Note that only one load resistor is used, not the usual pairing of large-valued plate and cathode resistors. Also note that the ground is not located at the triode’s cathode, as it had been in the inverted grounded-cathode amplifier topology, but in between the two 1M resistors. This is critical, as it makes this split-load phase splitter effectively act like a single-ended Circlotron circuit. Really? The Circlotron’s defining feature is not it fancifully-and-falsely-claimed class-A operation, but its mid-load signal grounding, which makes the Circlotron neither a cathode follower nor a grounded-cathode amplifier but something in between. Here is a single-ended, inductor-loaded Circlotron.
Am I saying that the split-load phase splitter and the Circlotron are cousins? Yes, I am, as they are kissing cousins—indeed, possibly closer. For example, we all know that the split-load phase splitter offers a tad less than unity gain and presents dissimilar output impedances from each of its outputs; but if we place a single load across both outputs, we do get some gain, close to 2, and we do realize a fairly low output impedance. How is that possible?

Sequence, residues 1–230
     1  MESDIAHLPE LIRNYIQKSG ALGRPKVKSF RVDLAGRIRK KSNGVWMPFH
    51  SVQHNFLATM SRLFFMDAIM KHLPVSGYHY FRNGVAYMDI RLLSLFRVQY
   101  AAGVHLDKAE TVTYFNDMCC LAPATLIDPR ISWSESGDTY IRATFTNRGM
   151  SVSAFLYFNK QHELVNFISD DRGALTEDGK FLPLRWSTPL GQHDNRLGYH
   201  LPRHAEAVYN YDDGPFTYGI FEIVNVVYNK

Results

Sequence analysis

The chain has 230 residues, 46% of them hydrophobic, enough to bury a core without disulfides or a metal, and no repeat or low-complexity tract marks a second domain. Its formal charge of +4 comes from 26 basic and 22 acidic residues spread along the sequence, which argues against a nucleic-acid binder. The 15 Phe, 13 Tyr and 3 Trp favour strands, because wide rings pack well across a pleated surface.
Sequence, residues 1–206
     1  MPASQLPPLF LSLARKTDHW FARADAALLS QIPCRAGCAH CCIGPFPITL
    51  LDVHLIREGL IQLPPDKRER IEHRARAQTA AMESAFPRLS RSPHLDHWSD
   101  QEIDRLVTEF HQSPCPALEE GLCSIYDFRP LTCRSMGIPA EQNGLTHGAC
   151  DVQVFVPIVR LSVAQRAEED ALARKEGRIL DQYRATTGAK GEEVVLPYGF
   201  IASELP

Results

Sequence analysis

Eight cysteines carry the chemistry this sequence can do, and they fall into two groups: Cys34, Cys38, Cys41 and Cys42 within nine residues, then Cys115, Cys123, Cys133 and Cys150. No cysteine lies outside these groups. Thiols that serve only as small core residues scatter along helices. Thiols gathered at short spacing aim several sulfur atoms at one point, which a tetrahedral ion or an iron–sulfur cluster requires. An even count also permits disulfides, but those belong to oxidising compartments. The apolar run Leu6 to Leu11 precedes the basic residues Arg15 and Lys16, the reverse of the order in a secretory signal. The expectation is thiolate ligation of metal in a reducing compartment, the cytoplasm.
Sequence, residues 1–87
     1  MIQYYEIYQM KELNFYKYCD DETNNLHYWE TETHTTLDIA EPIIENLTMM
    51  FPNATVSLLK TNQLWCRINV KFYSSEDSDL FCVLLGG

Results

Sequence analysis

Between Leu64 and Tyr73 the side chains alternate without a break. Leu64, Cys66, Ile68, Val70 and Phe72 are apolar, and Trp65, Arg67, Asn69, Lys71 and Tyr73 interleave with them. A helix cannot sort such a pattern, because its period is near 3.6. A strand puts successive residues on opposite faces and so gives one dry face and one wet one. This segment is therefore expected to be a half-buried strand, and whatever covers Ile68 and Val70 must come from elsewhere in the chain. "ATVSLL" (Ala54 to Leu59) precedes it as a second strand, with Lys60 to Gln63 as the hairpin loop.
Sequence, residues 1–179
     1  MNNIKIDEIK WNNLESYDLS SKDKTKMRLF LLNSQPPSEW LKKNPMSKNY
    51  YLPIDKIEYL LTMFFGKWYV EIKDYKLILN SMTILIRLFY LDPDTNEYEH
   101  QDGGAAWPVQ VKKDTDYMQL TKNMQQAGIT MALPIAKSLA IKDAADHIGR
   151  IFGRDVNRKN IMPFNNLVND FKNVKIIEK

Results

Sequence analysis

The load is no longer grounded at one end, but mid load, so the two gains add and the dissimilar output impedances are placed in parallel. Read blog number 254 for more information on how the Circlotron and the split-load phase splitters are related.
Returning to the split-load phase splitter with the floating power supply, if we move the ground to the triode’s cathode, the circuit becomes an inverted grounded-cathode amplifier,
If we move the ground connection to the nexus of the two coupling capacitors, the circuit becomes a cathode follower, with a floating power supply.
In all three circuits, we realize an enhanced PSRR.
By the way, at least one other topology can be made from the split-load phase splitter and a floating power supply. For example, fifteen years ago, in the December 2000 issue of the Tube CAD Journal, we saw the following variation.
Its power supply floats. As the input signal swings up and down, so, too, the power supply. The triode, the two equal-valued load resistors, and the floating power supply define a circle of current conduction. Thus, whatever varying amount of current that flows through one load resistor must also flow through its partner resistor, so the same voltage drops must occur between resistors. Since we have place the signal reference (the ground) between the two load resistors, the two outputs are in anti-phase.
Yes, John, it is interesting, but is it useful?